DescriptionQuinoa is often referred to as a “pseudocereal” (just like buckwheat, amaranth, and chia) because it is technically not a grain but a seed, yet similar to true cereals when it comes to flavor, cooking, and nutritional profile. First domesticated and highly cherished as the “mother of all grains” by ancient civilizations in the Peruvian Andes, quinoa is still wildly popular and cultivated throughout the world as an important source of nutrition. Botanically, it is related to beets, chard, and spinach, and thus the leaves of the quinoa plant are edible as well. The grain comes in a range of colors (white, yellow, orange, red, black) and has a natural coating of bitter-tasting saponins, making them unpalatable for birds (a beneficial effect during cultivation) as well as humans. All quinoa sold commercially has usually been washed and mechanically processed to remove this coating. Interestingly, in South America, the removed saponins are used as detergent for washing clothes and as antiseptic to promote healing of skin injuries.
Qualities: quinoa is an important source of high-quality gluten-free vegetable protein and unlike most grains, it is a “complete” protein, containing all of the essential amino acids you must get through your diet. It is a particularly good source of lysine, which contributes to immune system health, muscle repair, and may even reduce anxiety. In addition, quinoa is a valuable source of heart-healthy fatty acids, rich in phytonutrients and antioxidants offering powerful anti-inflammatory benefits, Vitamins B and E, as well as minerals such as potassium, phosphorus, magnesium, calcium, and zinc. Its high content of both soluble and insoluble fiber may aid in keeping blood sugar levels balanced and lowering cholesterol levels.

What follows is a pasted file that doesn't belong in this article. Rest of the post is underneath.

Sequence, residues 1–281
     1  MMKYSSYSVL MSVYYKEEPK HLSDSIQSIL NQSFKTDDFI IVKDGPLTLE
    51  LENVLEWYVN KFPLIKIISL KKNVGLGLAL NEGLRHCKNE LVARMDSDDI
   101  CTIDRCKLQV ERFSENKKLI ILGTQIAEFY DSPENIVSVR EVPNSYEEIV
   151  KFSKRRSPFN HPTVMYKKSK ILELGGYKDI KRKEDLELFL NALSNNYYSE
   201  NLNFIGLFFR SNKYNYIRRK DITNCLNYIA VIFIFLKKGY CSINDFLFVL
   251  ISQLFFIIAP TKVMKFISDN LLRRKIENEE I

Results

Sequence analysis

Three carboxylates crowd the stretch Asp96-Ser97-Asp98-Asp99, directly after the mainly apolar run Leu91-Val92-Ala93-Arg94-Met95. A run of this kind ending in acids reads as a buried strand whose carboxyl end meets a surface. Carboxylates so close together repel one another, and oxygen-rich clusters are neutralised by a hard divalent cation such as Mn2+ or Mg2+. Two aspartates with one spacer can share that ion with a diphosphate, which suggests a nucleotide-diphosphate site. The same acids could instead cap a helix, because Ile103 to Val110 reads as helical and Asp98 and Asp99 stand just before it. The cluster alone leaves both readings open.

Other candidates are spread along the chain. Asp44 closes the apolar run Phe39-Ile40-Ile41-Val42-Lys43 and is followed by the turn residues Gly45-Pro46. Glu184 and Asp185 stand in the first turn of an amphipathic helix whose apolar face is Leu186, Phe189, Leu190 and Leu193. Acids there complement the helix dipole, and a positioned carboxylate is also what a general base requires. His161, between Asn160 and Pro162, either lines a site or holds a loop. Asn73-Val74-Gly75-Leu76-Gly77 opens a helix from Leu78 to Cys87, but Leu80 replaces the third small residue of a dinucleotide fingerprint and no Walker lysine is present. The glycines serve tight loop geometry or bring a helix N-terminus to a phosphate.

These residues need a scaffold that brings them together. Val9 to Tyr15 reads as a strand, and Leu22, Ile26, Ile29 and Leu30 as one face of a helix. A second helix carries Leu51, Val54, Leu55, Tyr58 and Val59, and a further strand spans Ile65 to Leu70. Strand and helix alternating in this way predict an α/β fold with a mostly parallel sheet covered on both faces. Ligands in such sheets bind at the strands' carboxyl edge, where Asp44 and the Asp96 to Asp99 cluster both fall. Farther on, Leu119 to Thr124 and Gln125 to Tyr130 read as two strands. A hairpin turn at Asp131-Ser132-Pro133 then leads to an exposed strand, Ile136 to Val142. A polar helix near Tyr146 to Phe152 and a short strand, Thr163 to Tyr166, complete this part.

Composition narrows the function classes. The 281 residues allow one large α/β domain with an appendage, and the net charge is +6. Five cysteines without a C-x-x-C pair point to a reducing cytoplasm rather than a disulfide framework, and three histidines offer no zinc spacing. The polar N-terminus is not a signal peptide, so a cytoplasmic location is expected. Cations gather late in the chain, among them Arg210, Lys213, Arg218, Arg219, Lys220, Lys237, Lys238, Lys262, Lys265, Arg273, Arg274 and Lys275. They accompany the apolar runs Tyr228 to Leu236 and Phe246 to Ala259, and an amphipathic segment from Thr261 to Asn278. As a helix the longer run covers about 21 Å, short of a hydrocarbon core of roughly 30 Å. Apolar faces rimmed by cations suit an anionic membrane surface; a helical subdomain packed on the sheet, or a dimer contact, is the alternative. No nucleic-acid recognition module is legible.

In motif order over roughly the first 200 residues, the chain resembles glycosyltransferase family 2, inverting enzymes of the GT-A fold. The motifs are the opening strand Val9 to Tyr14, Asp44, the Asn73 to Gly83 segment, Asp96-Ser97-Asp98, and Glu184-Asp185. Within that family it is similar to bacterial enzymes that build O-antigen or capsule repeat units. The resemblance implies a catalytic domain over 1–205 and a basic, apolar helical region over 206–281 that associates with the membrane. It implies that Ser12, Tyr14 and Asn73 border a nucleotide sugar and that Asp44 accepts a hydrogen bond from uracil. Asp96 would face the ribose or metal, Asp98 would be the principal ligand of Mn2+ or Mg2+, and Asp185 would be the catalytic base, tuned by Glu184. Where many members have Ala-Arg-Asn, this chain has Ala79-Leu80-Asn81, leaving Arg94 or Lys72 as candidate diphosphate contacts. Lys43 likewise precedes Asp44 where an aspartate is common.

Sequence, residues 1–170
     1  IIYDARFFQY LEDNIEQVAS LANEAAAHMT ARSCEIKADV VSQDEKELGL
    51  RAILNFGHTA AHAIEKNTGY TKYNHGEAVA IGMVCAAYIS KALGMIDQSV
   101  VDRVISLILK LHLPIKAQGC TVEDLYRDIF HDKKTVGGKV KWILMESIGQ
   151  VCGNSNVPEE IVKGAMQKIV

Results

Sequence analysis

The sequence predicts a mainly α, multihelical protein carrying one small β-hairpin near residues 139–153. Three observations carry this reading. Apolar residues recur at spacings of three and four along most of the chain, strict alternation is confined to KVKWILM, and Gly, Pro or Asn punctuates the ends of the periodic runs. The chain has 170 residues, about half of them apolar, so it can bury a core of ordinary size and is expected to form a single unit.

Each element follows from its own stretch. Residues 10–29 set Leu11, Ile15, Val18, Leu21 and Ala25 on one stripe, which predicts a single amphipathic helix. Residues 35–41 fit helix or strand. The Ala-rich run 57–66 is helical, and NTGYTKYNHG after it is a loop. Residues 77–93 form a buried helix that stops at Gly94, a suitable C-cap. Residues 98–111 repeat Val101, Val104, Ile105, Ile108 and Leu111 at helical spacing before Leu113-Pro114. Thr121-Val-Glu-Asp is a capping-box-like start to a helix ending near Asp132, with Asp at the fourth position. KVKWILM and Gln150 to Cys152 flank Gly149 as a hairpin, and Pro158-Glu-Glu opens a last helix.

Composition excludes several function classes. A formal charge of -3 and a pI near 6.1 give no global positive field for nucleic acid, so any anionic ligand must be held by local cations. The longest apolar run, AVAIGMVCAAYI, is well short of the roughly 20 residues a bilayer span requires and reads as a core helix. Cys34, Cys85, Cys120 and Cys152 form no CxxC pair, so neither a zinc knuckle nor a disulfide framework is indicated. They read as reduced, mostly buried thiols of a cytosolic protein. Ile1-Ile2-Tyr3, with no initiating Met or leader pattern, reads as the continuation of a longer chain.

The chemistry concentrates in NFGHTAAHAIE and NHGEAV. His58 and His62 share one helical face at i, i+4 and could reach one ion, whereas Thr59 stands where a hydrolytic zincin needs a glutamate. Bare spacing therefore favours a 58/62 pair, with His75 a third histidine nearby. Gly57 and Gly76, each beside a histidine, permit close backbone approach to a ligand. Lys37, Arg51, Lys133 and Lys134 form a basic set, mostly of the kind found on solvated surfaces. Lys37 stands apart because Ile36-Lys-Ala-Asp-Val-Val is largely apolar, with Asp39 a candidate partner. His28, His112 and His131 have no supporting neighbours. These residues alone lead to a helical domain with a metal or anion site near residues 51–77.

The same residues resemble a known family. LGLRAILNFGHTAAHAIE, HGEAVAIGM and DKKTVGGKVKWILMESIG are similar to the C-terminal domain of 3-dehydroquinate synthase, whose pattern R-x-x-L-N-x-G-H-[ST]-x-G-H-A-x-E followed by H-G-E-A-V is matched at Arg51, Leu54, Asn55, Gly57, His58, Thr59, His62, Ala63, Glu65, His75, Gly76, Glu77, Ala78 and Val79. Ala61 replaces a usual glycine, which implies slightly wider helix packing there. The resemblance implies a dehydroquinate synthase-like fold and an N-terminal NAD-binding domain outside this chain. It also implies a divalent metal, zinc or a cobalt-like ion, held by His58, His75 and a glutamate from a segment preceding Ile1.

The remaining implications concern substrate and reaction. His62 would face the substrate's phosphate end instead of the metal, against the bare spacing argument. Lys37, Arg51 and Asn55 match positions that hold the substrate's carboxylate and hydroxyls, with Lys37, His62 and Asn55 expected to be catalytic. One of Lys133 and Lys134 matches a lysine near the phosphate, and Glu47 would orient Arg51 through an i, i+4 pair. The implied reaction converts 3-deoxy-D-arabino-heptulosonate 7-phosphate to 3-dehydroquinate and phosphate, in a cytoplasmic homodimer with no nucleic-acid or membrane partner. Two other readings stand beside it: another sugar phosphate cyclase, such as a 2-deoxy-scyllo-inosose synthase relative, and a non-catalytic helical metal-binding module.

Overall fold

Common use: quinoa’s exceptional nutritional profile, delicious mild taste, and culinary versatility makes it a healthy and easy favorite in any kitchen. You can easily substitute quinoa (white, red, or tri-color) or quinoa flour, or quinoa flakes, for most grains and grain flours in both sweet and savory recipes. It cooks up quickly and has a mild, nutty flavor and chewy texture that works well with a variety of flavors, hot or cold.
The ratio is 1 cup of uncooked quinoa to 2 cups of liquid. Bring rinsed quinoa and liquid to a boil in a medium saucepan. Stir occasionally. Reduce heat to low, cover and simmer until tender and most of the liquid has been absorbed in about 10 to 15 minutes. Fluff with a fork.
Try cooked quinoa in salads, soups or stews, mixed with herbs and vegetables, as a breakfast porridge with fruit, in baked goods to add moisture, or as a healthy side dish. For the optimal nutritional boost, soak quinoa overnight, rinse well, and enjoy as a raw cereal or keep sprouting to further activate the seed enzymes and try juiced into smoothies.
Storage: keeps well in a sealed container in a cool, dry, and dark location